Judge Declines to Act on Georgia Voting Dispute


(CN) – The NAACP and other plaintiffs failed to prove state election officials did anything wrong by not processing over 56,000 registration applications before next week’s election, a state judge in Georgia ruled this afternoon.
     Fulton County Judge Christopher Brasher said there simply is not proof Republican Secretary of State Brian Kemp and authorities in several Georgia counties have not abided by the law.
     In a complaint filed in the Fulton County (Ga.) Superior Court on October 14, 2014, plaintiffs led by NAACP’s Georgia chapter, said a voter registration drive carried out between March to September, 2014, collected 81,606 applications from people wishing to vote.
     They also said those applications were submitted to the appropriate boards of election on September 14, 2014.
     Of the applications collected, 36,982 were submitted to Fulton County; 11,308 to DeKalb County; 6,742 to Chatham County; 11,222 to Muscogee County; and 3,157 to Clayton County.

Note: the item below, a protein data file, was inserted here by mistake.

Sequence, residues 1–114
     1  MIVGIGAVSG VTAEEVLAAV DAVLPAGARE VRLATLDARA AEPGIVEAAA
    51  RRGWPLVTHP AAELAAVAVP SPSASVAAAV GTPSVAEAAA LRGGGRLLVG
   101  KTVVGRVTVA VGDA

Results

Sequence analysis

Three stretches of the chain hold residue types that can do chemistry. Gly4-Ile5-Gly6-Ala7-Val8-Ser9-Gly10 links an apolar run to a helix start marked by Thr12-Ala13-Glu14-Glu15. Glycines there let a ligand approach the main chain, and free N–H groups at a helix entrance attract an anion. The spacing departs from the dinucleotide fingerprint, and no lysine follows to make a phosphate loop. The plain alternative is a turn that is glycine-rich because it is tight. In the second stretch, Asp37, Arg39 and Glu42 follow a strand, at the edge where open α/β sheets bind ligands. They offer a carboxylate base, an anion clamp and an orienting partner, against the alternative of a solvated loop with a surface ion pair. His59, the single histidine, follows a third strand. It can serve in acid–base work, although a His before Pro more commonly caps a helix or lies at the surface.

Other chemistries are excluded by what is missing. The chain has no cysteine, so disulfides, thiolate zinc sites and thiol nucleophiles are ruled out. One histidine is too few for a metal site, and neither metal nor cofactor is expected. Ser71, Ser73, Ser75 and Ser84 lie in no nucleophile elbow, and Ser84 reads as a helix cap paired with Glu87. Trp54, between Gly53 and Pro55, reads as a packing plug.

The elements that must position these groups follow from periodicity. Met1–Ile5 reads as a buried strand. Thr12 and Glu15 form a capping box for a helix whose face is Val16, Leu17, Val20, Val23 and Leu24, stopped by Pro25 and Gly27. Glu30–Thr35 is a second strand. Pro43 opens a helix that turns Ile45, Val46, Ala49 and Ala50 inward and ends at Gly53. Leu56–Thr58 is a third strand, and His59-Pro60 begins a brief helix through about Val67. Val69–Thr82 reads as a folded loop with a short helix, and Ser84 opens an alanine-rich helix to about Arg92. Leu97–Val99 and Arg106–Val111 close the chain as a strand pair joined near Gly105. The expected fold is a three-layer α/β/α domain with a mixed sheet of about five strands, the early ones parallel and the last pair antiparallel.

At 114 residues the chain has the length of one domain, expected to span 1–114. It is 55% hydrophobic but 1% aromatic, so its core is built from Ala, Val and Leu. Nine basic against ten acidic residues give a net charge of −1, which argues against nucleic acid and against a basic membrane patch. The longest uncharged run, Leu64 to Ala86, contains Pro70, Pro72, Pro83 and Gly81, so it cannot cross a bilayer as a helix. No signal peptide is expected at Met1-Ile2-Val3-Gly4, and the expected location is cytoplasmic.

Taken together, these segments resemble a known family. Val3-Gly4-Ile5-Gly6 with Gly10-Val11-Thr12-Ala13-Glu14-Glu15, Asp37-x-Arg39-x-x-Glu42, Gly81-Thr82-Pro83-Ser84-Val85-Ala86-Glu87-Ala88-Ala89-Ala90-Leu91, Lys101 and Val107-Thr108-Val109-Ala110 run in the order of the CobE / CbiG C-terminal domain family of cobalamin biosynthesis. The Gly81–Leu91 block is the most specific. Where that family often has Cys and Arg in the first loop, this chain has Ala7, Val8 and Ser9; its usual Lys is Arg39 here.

However, as of the Oct. 6, 2014 deadline to register to vote in the upcoming election, the status of 56,001 applications was still uncertain.
     In Georgia, county boards of registrar are responsible for determining whether an application to vote is valid, and when there are discrepancies, such as missing information, they are required, by law, to notify the registrant in writing of the issue.
     If the applicant supplies the necessary information on or before the date of the election, they must be allowed to vote, the plaintiffs say.
     But to date, they say, “The defendant Boards have failed to comply with their clear, unequivocal, and non discretionary duty to notify applicants who have not been placed on the Secretary’s list of eligible voters that they have failed to provide all of the required information on their applications for voter registration.”
     Speaking from the bench, Judge Brasher declined to act on the case, calling the lawsuit “premature,” and saying it “merely set out suspicions and fears that the [state officials] will fail to carry out their mandatory duties.”
     He noted the secretary of state and the counties in question have all indicated they are still processing applications, and therefore a lawsuit over the matter is “premature.”
     The plaintiffs have already said they are considering further legal action.

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